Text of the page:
A reader could divide the selections in Farther Away, the latest essay collection by Jonathan Franzen, into two distinct categories: birds and books.
Or, a little more specifically, birders—“birdwatchers,” to those who don’t share the passion—and literary writers. But since the author self-identifies as each, I’d suspect he might reject such duality and instead thematically unite these essays under a single classification:
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For Franzen is a rare bird, one who is both the birdwatcher and the self-proclaimed “literary writer,” and positions himself apart from the culture rather than a part of the culture. The perspective within these provocative essays is from above, or at least to the side, observing and judging, pointing out how and where things went so terribly wrong and occasionally trying to exert a small push toward setting them right.
It’s not a perspective designed to win friends, even if it attempts on occasion to influence people. But likability isn’t a high priority for the novelist who has been accused of (and sometimes admired for) cultural elitism since l’affaire Oprah, when she introduced 2001’s The Corrections to her book-club masses.
If you “imagine a person defined by a desperation to be liked, what do you see?” Franzen asks rhetorically in the collection-opening “Pain Won’t Kill You,” his commencement address last year at Kenyon College. “You see a person without integrity, without a center…If you dedicate your existence to being likable…and you adopt whatever cool persona is necessary to make it happen, it suggests that you’ve despaired of being loved for who you really are.”
And who is Franzen, really?
He’s a writer who treats the obligatory inquiry about influences as a philistine annoyance: “The fact is, at this point in my life, I’m mostly influenced by my own past writing,” he asserts. He then proceeds to catalogue writers whom he’d loved in his 20s, including the usual suspects such as Thomas Pynchon and Don DeLillo and plenty of others, before proclaiming that “to me these various ‘influences’ seem not much more meaningful than the fact that, when I was fifteen, my favorite music group was the Moody Blues.”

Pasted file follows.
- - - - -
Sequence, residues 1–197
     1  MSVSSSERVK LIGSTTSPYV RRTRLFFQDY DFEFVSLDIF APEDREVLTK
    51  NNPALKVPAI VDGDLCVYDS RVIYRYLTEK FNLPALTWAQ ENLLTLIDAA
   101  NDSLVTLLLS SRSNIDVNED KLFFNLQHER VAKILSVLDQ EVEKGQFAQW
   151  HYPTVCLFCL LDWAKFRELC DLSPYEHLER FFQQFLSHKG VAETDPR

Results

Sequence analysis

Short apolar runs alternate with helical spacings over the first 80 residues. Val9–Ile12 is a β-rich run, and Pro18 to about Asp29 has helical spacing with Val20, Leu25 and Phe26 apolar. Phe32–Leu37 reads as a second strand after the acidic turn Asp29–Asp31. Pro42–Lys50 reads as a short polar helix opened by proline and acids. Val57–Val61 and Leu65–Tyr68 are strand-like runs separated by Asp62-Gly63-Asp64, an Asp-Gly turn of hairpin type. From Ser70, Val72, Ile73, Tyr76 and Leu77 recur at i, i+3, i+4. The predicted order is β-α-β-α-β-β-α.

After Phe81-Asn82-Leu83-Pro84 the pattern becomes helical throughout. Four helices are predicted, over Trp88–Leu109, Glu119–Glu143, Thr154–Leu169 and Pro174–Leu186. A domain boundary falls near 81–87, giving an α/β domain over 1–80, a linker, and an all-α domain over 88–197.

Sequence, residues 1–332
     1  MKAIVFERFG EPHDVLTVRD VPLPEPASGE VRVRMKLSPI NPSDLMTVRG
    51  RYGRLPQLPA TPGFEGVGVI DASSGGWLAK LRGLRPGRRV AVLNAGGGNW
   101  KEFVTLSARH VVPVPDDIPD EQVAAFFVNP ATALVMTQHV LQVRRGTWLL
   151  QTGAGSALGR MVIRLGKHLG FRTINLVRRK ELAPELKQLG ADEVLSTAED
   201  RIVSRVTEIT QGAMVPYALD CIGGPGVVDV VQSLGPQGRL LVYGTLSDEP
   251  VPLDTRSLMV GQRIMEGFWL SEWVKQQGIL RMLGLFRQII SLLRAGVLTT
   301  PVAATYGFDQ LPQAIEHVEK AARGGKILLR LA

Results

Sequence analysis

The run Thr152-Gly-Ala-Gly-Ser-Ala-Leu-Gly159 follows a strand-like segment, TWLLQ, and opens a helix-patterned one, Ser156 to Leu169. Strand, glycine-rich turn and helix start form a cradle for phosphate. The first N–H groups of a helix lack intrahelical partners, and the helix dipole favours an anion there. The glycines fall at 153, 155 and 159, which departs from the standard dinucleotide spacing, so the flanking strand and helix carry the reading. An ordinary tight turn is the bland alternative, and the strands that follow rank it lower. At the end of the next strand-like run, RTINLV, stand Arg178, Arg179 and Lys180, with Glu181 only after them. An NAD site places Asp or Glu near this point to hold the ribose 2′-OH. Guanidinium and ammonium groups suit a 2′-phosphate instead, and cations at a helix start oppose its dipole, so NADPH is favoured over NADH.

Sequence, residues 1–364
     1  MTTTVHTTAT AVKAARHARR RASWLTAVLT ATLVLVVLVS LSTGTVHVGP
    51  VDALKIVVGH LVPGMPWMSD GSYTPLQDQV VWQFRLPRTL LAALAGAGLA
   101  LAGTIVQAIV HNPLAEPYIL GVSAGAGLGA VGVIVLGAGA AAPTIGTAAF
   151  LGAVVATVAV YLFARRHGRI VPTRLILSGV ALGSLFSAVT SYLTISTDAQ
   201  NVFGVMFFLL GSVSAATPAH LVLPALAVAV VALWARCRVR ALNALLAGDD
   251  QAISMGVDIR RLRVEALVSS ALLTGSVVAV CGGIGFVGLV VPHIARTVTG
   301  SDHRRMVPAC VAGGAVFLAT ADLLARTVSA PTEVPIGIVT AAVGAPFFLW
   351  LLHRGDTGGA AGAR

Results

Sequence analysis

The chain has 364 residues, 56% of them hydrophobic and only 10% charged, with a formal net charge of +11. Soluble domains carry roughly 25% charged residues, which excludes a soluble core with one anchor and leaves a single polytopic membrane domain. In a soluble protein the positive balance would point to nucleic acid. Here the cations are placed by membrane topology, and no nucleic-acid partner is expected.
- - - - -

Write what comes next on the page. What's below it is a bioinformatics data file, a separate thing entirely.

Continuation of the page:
(Is this the bravest musical admission a “literary writer” has ever made?)
One of the more fascinating progressions of recent years has been the rise of his popular profile, from obscurity (though his debut, The Twenty-Seventh City, remains one of the more subversively hilarious novels in recent memory) through a popular breakthrough with The Corrections (which will soon reach well beyond its initial readership with an HBO adaptation)—to the follow-up novel that took him from the world of literature to the cover of Time.
Freedom was almost universally hailed as upon its 2010 publication as not only Franzen’s masterpiece but the masterpiece of the young millennium, though some of us still think its predecessor was superior. No matter. With Freedom Franzen enlarged his place in the cultural universe, not occupying nearly as much space as Oprah, of course, but a lot more than any of his contemporaries. You might find greater pleasure in reading Jonathan Lethem, Jonathan Dee or one of the other Jonathans, but you had to read Franzen.
And this collection shows why, without apology or concession to cultural consensus. Whether Franzen’s writing about his complicated, competitive friendship with David Foster Wallace, and the anger amid all the other powerful feelings he felt over that author’s suicide, or the joy and significance that birding brings to his own life, one senses that the author is engaging in issues of vital importance to him, whether the culture agrees or not. That he’s engaging with life on life’s terms. And that he’s capable of tying seemingly disparate strands into a coherent whole, in a world of cyber flashes and random impulses that too often seems to lack such coherence.
“When I go looking for new bird species,” he writes, “I’m searching for a mostly lost authenticity, for the remnants of a world now largely overrun by human beings but still beautifully indifferent to us.”
Of Foster Wallace, he writes, “I understood the difference between his unmanageable misery and my manageable discontents to be that I could escape into the joy of birds and he could not.”
And for the rest of humanity, he writes in that collection-opening commencement address, “The fundamental fact about all of us is that we’re alive for a while but will die before long. The fact is the real root cause of all our anger and pain and despair. And you can either run from this fact, or, by way of love, you can embrace it.”
This is that a literary writer does: He reminds graduates basking in the sunlight of fresh possibility and new beginnings (“commencement”!) that the eternal darkness of death looms large and near. He reminds us that we’re all an endangered species.
Longtime music journalist Don McLeese is the author of Dwight Yoakam: A Thousand Miles From Nowhere, out now, from the University of Texas Press.